Employment Tax Crimes
All employers are required to withhold federal income and payroll taxes (“trust fund taxes”) from their employees’ wages, and to pay them over to the IRS and the State. If you fail to report and pay employment taxes, you can be subject to large penalties and imprisonment. If the IRS cannot secure the funds from your business, it will pursue you personally. It may go after anyone associated with the business, not just the owners and officers. For example, the IRS has found non-owner bookkeepers personally liable — and their spouses as well. The IRS has also held non-owner lenders and their spouses personally liable for unpaid payroll taxes.
If you are a business owner, shareholder, or investor under investigation for an employment tax crime, the Moskowitz, LLP criminal tax attorneys can provide you with an efficient and comprehensive defense. Here are just a few examples of employment tax evasion matters routinely handled by our office:
Paying employees in cash
A company pays part or all of its employee salaries in cash. There is often a problem with providing the proper deductions or sometimes the business owner commits other tax crimes by not reporting income given in cash to employees. Paying employees in cash can lead to multiple crimes and multiple problems with multiple taxing agencies.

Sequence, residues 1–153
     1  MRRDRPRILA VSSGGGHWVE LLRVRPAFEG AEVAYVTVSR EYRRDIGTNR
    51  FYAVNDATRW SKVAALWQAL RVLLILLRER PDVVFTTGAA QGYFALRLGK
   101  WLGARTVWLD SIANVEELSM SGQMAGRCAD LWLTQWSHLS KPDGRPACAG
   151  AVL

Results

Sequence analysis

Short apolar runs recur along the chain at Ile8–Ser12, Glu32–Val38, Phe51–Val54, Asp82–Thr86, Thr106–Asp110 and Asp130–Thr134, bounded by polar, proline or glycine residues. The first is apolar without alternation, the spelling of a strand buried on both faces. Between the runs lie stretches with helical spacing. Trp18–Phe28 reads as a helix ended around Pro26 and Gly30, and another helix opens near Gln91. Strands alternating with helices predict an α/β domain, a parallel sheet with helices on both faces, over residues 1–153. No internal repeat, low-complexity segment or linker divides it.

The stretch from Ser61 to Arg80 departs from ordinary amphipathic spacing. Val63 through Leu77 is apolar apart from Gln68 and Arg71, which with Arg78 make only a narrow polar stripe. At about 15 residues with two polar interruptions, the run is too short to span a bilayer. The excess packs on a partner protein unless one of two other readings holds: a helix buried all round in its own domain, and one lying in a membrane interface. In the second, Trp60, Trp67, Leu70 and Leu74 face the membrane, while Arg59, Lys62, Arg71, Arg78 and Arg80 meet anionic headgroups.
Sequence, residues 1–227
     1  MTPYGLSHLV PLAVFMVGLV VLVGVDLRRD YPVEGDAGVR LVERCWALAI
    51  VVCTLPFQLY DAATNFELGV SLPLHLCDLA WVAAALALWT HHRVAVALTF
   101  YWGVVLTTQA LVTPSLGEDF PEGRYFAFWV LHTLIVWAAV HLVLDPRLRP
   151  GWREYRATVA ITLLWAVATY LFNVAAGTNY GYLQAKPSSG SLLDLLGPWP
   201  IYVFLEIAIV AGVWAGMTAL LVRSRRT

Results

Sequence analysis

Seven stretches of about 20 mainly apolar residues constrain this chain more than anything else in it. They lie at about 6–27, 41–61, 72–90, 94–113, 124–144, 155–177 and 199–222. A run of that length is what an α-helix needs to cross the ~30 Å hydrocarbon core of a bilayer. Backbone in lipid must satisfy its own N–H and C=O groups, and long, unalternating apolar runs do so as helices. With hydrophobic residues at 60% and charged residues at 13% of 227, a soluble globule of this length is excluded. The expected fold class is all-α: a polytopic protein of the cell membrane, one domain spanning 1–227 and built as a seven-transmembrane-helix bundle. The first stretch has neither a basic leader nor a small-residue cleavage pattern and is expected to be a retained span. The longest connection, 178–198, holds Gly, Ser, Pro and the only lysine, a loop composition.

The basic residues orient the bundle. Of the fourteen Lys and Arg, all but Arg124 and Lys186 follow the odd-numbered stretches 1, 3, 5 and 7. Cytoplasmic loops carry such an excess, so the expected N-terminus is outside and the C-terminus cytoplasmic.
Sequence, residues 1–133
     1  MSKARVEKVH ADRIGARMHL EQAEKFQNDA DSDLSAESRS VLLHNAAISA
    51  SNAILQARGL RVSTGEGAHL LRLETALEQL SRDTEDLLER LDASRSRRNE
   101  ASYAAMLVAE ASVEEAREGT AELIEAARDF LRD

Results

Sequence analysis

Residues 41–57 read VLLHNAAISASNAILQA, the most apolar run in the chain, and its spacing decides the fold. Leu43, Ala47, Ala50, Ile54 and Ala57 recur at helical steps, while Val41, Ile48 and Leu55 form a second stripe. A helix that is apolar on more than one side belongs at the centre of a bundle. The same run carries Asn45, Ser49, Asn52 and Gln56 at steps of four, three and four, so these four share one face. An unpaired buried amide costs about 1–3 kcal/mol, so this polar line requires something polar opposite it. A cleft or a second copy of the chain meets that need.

A company tries to reduce its costs by improperly classifying employees as independent contractors. In addition to payroll crimes and civil wrongs, this business may also have criminal and civil problems with unemployment taxes and criminal and civil allegations brought by the workers’ compensation agency. We are very experienced with representing and coordinating the criminal and civil investigations of multiple enforcement agencies.
Failing to file and/or pay
A company fails to file payroll tax returns and/or pay over trust fund taxes. The IRS goes after all responsible persons and also assesses a “trust fund” penalty equal to 100% of the total tax liability. We want to help! It is possible to design a defense that makes the individual responsible for only the “trust fund” portion (the money withheld from the employees) and not 100% of the payroll taxes.
Filing false payroll tax returns
Understating the amount of wages paid by the company in order to minimize the company’s tax bill. Again, this may cause multiple criminal and civil allegations from multiple enforcement agencies.
When the company and/or individual[s] continue the criminal and civil wrongdoing. Every wrong act makes the allegations worse, and one of the factors considered in sentencing is the amount of loss to the government: the larger the loss to the government, the more prison time.
An employee-leasing company hired to handle a business’ payroll fails to pay over the collected employment taxes and instead spends the funds. The company then dissolves, leaving millions in employment taxes unpaid.